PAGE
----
Make it secure

  • Don't make the mistake of installing a router and then handing out the password! This could put your network at risk, including any EPOS system.
  • To provide a secure service, you need to be sure that your wi-fi has the ability to separate internal traffic from public traffic, and has a secure log-in process. 

WiFi legal best practice

There are also various pieces of legislation to be aware of in relation to providing public WiFi, which can be summarised as follows:

  • Data protection. Public WiFi providers need to be aware of their obligations under the Data Protection Act 1998, whenever personal data is collected or processed about individuals. This data should be stored in-line with the requirements of the act and registered with the Information Commissioners Office.
  • Data retention. The Data Retention (EC Directive) Regulations 2009 assists in the prevention and detection of organised crime and terrorism. It is best practice for service providers to retain certain communications data. 
  • Illegal online activity. The Digital Economy Act 2010 targets online copyright infringement by end users, covering illegal or inappropriate downloading and file sharing. It's best practice to take the necessary steps to try and prevent copyright infringement, as users have to both register and accept the terms and conditions that cover inappropriate use.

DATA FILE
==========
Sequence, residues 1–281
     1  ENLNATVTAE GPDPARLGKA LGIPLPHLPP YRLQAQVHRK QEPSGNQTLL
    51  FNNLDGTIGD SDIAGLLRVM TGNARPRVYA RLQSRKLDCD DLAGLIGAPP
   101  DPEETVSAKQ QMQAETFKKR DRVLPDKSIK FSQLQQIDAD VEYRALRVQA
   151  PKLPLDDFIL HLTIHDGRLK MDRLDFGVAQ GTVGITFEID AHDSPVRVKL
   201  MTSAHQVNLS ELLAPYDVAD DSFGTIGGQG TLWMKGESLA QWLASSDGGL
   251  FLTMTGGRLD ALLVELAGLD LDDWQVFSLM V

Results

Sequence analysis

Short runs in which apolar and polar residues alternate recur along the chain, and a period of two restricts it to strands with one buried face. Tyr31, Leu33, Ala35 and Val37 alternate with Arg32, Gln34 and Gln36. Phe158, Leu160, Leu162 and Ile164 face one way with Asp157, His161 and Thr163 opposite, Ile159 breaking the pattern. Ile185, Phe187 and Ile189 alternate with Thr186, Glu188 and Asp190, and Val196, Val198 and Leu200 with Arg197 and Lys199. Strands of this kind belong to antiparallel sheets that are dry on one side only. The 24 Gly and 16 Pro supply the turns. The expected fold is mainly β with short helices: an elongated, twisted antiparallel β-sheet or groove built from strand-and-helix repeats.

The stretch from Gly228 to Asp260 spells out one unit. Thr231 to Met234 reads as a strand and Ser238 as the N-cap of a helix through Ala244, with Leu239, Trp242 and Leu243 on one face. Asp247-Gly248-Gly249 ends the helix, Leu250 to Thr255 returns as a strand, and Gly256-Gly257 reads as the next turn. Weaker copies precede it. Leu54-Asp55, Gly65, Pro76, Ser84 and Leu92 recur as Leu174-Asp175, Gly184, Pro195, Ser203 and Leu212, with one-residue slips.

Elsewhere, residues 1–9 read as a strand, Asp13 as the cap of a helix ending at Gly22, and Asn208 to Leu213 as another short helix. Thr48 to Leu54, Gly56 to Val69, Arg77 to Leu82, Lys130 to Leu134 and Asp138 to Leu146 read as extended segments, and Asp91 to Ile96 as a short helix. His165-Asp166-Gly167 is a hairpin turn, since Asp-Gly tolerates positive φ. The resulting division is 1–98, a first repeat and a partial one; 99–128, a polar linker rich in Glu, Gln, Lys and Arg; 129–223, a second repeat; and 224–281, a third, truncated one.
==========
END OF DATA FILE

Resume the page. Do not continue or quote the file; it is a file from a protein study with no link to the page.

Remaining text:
In addition, the use of content filtering, which is not a legal requirement yet, should definitely be on the tick list for most brands. It ensures that only appropriate and IWF approved public access to the internet is given.

In conclusion, it's always best practice for brands to be cautious and mitigate against any legal risk by ensuring: a) data is collected and stored appropriately, b) user details are collected where possible in order to track any activity back and c) content filtering is provided to discourage access to inappropriate content.

How else can social wi-fi help?

Maximise word of mouth opportunities

  • 50%+ of people that use Social WiFi post messages about brands when logging on so with this in mind, businesses can tailor posts according to current need and target these posts to reach each person's network of friends. 

Integrate your on and offline data

  • You can ask customers to add in their store card number for additional offers, allowing you to tie in online data with in-store data even further, providing tailored benefits to your customers. You could also offer your partners sponsorship of the WiFi service, and/or advertising space on branded areas, landing pages, in-store or via subsequent emails.

New in-venue tracking technology

  • It's also possible to add RSSI data into your system, allowing you to see the detail of people's pathways through your location as well as their entry and exit points. By integrating floor plans into the system, you can even heat-map people's movements and draw 'fences' around specific areas, allowing you to trigger your marketing messages. 

Published 6 February, 2014 by Gavin Wheeldon

Gavin Wheeldon is CEO at Purple Wi-Fi and a contributor to the Econsultancy blog.  You can follow him on Twitter, LinkedIn and Google Plus